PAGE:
I find in the Pacific NW (where we indeed do have a higher state minimum) I have not met an entry level employee who actually does receive this wage. I am a very talkative old codger, and I have found that even teenagers at McDonald’s (which I must admit is my favourite food) do not receive even this higher minimum wage. Their starting wage tends to be higher still. The managers there have informed me that it would be difficult to find suitable employees at the state minimum.
Perhaps there is or was some purpose for such a regulation, but if there is, I cannot fathom what it is. Admittedly this is not my area of expertise; however perhaps there are migrant workers that receive this wage? I have generally been under the impression that such workers most often work “off the books” so to speak.
I might suspect that it is best when–as seems to be the case now–the minimum wage is set below what virtually all employers must offer as a starting wage.
via Increase the Minimum Wage! Wait, why’s my Happy Meal thirty-four bucks? | The Liberal Critique.
Furthermore, even at this low minimum wage it would not be so difficult for one to have a good life for a time until something better comes along or one works up to a more favourable position in life.
I know this for a fact because Mrs. Emeron and I choose to live with room-mates. We have a rather large house and it is full to the brim. Even if we were much more financially well off, we would choose to have a full house–though admittedly this is not for everyone. My point here is that with what we are paid for rent (which includes all utilities and many many extras, and which is a competitive rate–on the low side, but still “in the ball park,” as it were–minimum wage is more than enough to have many many “extras” in life… even if one has no further ambition. This is true even if one does not apply for state aid (even if one qualifies, which many would choose not to do.)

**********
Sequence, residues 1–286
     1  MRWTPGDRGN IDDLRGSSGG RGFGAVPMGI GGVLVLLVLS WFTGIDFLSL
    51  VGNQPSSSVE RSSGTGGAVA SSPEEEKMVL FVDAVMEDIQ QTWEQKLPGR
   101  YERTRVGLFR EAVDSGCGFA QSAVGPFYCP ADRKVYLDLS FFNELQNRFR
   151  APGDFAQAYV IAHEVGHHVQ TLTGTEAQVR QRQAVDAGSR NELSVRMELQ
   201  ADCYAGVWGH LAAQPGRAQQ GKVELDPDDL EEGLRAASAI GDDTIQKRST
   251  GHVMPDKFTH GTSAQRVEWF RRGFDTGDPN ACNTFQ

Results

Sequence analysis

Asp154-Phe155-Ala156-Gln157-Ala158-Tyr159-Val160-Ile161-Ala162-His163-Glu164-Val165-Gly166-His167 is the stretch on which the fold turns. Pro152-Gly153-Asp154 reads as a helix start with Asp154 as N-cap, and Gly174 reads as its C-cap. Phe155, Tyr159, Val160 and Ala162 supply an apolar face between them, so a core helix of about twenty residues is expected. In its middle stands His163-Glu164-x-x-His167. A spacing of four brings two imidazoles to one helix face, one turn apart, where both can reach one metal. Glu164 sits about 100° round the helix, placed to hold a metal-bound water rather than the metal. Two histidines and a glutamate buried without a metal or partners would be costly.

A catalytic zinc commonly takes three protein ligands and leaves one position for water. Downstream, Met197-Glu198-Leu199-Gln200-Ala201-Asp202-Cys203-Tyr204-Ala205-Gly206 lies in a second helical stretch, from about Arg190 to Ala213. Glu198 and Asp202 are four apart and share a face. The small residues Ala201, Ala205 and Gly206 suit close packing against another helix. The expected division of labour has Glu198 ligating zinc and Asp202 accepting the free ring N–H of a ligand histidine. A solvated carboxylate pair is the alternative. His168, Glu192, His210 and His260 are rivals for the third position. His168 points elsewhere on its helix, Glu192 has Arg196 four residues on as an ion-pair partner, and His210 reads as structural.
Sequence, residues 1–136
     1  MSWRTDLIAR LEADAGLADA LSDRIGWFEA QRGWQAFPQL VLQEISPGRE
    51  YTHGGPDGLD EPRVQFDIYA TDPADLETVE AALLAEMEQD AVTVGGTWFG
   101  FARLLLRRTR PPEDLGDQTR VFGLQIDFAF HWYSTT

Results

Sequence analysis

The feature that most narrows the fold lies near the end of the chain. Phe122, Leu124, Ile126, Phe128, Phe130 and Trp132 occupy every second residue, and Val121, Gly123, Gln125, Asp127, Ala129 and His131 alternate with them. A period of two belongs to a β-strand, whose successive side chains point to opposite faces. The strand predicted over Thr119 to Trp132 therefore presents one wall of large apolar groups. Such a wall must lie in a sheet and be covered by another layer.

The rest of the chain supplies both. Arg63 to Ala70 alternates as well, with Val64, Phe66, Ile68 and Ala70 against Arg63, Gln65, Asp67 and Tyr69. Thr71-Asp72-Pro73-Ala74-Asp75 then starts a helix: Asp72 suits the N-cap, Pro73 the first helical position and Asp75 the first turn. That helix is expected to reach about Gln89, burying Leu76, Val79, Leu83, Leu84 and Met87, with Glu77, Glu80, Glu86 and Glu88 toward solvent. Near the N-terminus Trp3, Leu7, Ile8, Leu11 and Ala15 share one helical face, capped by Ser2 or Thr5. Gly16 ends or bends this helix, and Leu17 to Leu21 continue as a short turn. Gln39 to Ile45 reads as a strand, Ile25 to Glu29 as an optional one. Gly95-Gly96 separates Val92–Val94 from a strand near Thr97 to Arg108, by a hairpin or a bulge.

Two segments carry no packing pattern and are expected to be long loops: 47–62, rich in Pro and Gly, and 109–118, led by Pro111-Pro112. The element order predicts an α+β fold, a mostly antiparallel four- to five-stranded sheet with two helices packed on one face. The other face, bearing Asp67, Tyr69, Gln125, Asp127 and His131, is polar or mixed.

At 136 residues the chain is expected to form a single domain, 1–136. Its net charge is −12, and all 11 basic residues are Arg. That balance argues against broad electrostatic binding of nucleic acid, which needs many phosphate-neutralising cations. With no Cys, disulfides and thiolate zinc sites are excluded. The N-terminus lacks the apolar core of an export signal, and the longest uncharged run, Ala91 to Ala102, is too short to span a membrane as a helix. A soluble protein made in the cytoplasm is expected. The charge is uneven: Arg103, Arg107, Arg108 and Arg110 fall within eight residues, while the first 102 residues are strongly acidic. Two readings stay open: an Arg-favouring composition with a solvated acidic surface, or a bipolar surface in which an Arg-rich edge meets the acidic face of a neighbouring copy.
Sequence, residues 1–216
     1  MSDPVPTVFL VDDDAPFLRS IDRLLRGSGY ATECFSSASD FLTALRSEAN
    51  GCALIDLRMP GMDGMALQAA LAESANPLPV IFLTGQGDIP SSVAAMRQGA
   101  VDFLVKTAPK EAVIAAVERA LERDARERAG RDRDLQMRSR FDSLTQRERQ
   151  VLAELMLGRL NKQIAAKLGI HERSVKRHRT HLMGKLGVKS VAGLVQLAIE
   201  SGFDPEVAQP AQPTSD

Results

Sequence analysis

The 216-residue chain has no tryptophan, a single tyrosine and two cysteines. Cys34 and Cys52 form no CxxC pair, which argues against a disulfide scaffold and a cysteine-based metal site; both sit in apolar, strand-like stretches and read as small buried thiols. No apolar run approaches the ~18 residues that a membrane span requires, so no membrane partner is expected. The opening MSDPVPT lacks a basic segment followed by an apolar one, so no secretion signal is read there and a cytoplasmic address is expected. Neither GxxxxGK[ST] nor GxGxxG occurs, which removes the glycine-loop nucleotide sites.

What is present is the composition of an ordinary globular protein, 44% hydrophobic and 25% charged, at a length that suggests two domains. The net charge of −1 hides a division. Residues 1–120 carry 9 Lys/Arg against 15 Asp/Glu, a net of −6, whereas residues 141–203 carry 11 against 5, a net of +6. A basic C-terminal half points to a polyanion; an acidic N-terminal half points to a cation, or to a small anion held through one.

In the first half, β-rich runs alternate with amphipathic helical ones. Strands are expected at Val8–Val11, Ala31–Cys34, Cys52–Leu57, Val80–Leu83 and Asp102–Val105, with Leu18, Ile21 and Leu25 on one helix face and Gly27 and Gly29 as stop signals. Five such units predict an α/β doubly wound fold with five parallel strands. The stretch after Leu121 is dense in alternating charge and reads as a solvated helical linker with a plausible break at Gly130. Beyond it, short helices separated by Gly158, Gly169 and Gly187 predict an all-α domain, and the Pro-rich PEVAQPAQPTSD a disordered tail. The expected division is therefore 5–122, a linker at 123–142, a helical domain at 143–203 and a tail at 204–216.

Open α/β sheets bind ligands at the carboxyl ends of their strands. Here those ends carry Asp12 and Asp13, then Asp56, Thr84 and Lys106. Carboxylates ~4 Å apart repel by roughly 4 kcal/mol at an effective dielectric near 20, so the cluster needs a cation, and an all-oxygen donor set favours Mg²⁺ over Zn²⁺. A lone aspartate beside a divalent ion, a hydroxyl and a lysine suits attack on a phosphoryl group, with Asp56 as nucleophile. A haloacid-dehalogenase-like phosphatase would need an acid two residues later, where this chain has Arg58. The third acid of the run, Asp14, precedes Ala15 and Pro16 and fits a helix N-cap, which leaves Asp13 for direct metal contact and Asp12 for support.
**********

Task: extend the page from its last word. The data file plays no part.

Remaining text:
The fact that such people may be state subsidised even though it is not truly necessary is more of an indictment of socialism than anything else. Just as, for example, is the case of the “seatbelt/helmet law” issue. The assertion “It is my life,” is perfectly true even when society claims ones life for its own, and therefore makes the argument that such compulsion is “for your own good, and/or that of society.” I realise I have changed the subject here in midstream, but even so, it is the same type of issue. By all means, wear the thing. Drive as safely as if you were not wearing it, as well. However such compulsion by the state is “soul-sucking,” and I believe even its advocates know this, even when they feel it is a necessary evil.
But evil it is: Pure evil for ones life–ones soul, if you will permit the indiscretion–to be claimed by others for good or ill. I believe the deep seated knowledge of this is the cause of the great malaise that has long settled over this and many other lands. Such a claim even robs generous people of the act of charity such as they might wish to impart. And I see hard-working and/or extremely brilliant people dropping out of their chosen fields frequently and choosing to work menial jobs instead.
I may choose that life myself any day now. I keep thinking I would be more happy if I kept my expertise for those I choose, for myself, and/or for those I love. To be truthful, it does feel like the more honest course to me. I believe those of us who feel this way might be more happy sharing or trading our expertise among ourselves…
Oh… but I do go on, do I not?